Michael Busse has been teaching at the Maryland School of Public Policy since 1997. He has taught microeconomics, macroeconomics, development economics, quantitative analysis and the math refresher workshop. He has a background in both economics and public policy with a wide variety of work experience both in international development and US economic public policy issues. He enjoys drawing on both these experiences and the most important policy initiatives of the day to relate quantitative subjects to real-world events. His favorite subject to teach is microeconomics (PLCY 640).
For twelve summers, he had the great pleasure of teaching advanced undergraduates from around the nation at The Maryland Leadership Institute at SPP. These students were rising seniors from colleges across the nation entering into careers in the Foreign Service or other walks of foreign policy. Much of the purpose of the program was to bring greater diversity as well as a wider range of thinking to foreign policy.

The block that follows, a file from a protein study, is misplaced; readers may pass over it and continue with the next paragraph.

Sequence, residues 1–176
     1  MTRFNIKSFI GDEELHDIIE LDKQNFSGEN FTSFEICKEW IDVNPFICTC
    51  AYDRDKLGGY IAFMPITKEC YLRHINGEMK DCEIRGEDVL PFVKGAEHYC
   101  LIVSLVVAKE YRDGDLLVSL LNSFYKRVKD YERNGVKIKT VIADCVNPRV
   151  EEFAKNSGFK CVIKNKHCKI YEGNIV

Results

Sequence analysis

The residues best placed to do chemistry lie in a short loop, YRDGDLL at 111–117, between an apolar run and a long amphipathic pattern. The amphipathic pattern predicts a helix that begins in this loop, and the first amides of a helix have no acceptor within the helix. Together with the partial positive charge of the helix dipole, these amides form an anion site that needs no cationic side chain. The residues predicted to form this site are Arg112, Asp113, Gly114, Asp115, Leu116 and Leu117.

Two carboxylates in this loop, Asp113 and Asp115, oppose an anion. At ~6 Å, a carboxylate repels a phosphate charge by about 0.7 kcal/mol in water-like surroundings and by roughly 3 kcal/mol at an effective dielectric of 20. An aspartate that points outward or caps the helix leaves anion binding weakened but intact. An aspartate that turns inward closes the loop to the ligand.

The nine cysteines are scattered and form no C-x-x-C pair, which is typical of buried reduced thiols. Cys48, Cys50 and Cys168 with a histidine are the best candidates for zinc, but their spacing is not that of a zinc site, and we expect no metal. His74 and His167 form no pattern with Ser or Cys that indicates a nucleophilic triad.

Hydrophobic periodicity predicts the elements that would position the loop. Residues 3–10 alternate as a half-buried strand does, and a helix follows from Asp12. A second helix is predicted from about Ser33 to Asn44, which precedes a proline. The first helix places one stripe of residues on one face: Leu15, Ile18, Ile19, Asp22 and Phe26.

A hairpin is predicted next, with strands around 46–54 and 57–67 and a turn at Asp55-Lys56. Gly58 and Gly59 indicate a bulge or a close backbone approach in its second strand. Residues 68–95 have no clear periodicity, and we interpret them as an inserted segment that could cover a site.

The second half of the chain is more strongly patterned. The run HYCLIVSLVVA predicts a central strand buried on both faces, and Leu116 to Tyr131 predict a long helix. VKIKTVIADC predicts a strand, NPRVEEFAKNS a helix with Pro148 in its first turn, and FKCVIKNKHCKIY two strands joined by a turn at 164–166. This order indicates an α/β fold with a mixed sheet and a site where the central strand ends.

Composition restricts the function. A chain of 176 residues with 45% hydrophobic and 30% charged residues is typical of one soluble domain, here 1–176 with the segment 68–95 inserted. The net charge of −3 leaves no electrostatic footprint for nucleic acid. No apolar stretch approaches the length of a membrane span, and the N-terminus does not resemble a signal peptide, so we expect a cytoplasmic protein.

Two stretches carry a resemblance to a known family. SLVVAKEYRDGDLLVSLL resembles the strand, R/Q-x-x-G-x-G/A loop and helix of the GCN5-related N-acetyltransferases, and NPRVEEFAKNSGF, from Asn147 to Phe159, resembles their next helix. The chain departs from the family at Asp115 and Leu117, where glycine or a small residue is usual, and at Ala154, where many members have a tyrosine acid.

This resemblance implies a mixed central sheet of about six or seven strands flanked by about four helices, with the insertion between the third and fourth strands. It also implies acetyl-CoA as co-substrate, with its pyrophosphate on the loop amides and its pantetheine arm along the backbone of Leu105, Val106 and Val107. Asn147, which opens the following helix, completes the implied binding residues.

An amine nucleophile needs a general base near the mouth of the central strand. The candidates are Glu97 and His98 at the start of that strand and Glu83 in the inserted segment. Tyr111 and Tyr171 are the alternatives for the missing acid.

In addition to teaching at Maryland, he has worked for The Survey Center, Inc., a major market research firm in Chicago, at the Illinois State Securities Office, John Mellor and Associates analyzing United Nations World Food Program effectiveness, The US Department of Labor, the American Enterprise Institute, The International Institute for Applied Systems Analysis (IIASA) an international research institute in Austria, and on a variety of small development projects done in conjunction with Booz Allen Hamilton.
Areas of Interest:
international social policy, international development and the effects of globalization on workers, and issues of US urban planning and economic challenges unique to urban settings.